China's efforts and achievements in combating illegal wildlife trade
Hu Binyi

China had long been one of the world's biggest ivory market, but as of 2018 all trade in ivory and ivory products in the country is illegal. The move has been hailed as a major development in efforts to protect the world's elephant population. 

As the economy boomed, vibrant trade of ivory contributed to the increasing number of elephant poaching around the world. In 1979, more than 1.3 million elephants existed in the world. But there are only 400,000 left four decades later. China's ban on ivory trading signaled an end to ivory as a durable investment commodity in the country.

Since the ban took effect, the price of raw ivory has dropped by 65 percent over a year's time. And there has also been an 80-percent decline in seizures of ivory entering China. And around two hundred factories and shops dealing in ivory were shut down because of the ban.

VCG Photo

VCG Photo

Zhao Zhonghua, director of World Animal protection, said that China's ivory trade ban has a profound impact on the global elephant protection effort. Its action encouraged neighboring countries like Japan to follow suit.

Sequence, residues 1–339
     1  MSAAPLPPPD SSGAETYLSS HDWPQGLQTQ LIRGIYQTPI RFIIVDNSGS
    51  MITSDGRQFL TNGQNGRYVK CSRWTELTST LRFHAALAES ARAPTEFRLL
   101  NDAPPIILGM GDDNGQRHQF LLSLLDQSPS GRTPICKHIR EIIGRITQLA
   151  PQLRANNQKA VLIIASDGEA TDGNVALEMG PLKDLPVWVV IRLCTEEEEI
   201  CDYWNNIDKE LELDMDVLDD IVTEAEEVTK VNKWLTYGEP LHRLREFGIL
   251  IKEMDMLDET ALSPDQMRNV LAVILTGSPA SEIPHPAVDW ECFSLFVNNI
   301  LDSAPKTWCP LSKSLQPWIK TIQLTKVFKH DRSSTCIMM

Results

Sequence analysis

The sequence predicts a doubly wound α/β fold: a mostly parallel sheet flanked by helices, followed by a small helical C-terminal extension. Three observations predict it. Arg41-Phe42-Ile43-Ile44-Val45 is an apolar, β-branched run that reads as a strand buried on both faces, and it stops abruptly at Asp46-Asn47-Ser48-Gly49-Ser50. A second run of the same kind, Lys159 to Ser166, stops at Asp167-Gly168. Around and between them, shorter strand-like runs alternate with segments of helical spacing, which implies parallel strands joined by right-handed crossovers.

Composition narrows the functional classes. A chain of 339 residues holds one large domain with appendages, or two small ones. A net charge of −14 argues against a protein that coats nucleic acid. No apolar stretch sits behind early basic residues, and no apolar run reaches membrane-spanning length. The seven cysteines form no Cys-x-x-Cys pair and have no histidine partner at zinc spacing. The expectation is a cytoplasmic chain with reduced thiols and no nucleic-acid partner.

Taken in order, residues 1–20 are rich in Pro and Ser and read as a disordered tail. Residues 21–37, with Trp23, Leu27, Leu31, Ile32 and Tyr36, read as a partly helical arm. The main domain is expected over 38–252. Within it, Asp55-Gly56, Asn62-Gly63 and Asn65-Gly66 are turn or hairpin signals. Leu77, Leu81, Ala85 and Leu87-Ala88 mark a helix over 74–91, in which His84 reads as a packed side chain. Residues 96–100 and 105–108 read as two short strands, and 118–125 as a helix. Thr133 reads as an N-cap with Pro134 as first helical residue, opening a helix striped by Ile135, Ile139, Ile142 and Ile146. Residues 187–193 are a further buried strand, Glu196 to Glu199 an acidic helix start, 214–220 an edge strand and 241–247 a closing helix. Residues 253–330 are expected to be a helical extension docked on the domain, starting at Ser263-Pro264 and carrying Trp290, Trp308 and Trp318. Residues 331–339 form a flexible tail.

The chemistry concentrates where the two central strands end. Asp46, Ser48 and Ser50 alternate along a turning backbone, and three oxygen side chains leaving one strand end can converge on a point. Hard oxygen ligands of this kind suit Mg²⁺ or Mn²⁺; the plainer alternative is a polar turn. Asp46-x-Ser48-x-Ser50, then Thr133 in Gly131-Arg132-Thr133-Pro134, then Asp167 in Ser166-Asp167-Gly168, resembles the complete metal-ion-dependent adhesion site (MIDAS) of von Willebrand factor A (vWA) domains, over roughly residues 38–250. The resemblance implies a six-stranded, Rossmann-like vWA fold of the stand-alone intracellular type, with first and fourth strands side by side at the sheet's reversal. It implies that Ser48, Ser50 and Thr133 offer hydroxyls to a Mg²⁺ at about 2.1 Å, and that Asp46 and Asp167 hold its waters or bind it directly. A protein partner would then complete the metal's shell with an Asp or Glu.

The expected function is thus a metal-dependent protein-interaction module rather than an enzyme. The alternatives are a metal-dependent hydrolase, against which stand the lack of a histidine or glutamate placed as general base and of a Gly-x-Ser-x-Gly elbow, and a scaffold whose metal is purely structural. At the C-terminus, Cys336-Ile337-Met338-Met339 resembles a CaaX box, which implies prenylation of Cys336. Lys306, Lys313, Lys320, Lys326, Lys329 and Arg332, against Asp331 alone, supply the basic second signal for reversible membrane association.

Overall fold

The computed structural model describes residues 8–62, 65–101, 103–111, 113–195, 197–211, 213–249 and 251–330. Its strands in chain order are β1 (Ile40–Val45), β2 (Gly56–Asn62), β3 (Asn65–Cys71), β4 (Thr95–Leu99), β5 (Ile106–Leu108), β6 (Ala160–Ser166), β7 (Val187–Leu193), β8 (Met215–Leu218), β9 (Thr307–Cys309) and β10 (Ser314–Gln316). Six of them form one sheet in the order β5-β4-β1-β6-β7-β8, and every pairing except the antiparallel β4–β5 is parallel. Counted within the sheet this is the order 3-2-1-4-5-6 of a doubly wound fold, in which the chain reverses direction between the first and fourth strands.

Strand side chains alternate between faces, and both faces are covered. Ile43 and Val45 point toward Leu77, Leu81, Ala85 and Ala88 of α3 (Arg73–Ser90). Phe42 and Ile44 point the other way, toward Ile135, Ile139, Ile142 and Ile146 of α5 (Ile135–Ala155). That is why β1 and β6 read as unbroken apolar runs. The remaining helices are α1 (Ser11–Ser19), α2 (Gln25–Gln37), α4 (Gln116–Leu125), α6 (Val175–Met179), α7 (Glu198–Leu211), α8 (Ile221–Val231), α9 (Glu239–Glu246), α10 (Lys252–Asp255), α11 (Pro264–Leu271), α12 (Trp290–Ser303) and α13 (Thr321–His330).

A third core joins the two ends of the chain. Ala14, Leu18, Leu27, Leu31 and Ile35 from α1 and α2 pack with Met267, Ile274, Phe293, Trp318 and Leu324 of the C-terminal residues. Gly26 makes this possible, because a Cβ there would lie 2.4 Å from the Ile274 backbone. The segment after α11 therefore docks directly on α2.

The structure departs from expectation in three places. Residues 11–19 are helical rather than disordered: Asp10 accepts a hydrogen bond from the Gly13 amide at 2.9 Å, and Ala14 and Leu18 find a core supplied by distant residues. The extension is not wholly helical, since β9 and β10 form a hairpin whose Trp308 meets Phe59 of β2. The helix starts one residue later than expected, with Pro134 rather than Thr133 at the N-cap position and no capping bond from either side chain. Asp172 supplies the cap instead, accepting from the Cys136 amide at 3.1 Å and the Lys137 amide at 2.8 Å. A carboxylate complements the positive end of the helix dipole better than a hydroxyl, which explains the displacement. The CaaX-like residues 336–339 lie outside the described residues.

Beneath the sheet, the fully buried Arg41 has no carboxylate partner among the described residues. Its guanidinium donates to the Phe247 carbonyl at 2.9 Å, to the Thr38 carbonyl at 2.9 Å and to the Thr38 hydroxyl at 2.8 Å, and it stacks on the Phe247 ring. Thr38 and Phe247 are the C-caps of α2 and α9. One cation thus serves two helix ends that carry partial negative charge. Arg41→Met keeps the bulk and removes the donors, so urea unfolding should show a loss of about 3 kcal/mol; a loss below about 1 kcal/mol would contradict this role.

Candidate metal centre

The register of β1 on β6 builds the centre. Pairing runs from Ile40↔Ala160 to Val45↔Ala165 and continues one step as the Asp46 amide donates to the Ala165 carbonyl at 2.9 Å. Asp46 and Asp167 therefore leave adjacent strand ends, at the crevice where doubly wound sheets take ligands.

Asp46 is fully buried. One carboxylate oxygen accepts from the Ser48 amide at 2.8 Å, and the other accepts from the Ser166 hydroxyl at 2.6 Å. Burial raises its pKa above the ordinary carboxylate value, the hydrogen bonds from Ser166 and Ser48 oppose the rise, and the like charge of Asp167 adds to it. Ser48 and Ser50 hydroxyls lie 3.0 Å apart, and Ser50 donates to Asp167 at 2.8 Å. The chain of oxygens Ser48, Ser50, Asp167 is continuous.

Japan is home to the world's largest market of ivory, which is mainly used to carve out traditional seals used to stamp documents as a form of signature. But officials in Japan have recently tightened restrictions on the country's ivory trade amid global criticism. For instance, carbon dating is now used in preventing illegal elephant tusks from entering the market. Zhao commented that it is not a complete ban in Japan since the regulation has loopholes for illegal hunting and smuggling of elephants.

Zhao also noted that tusk trade is a kind of animal abuse, just like eating shark's fin and bird nest. "As Mahatma Gandhi said, there is enough on earth for everybody's need, but not for everyone's greed. We don't have to eat… it is a bad culture built on abusing animals," Zhao added. Recognizing the effort taken by international community, he is optimistic about the future of animal protection.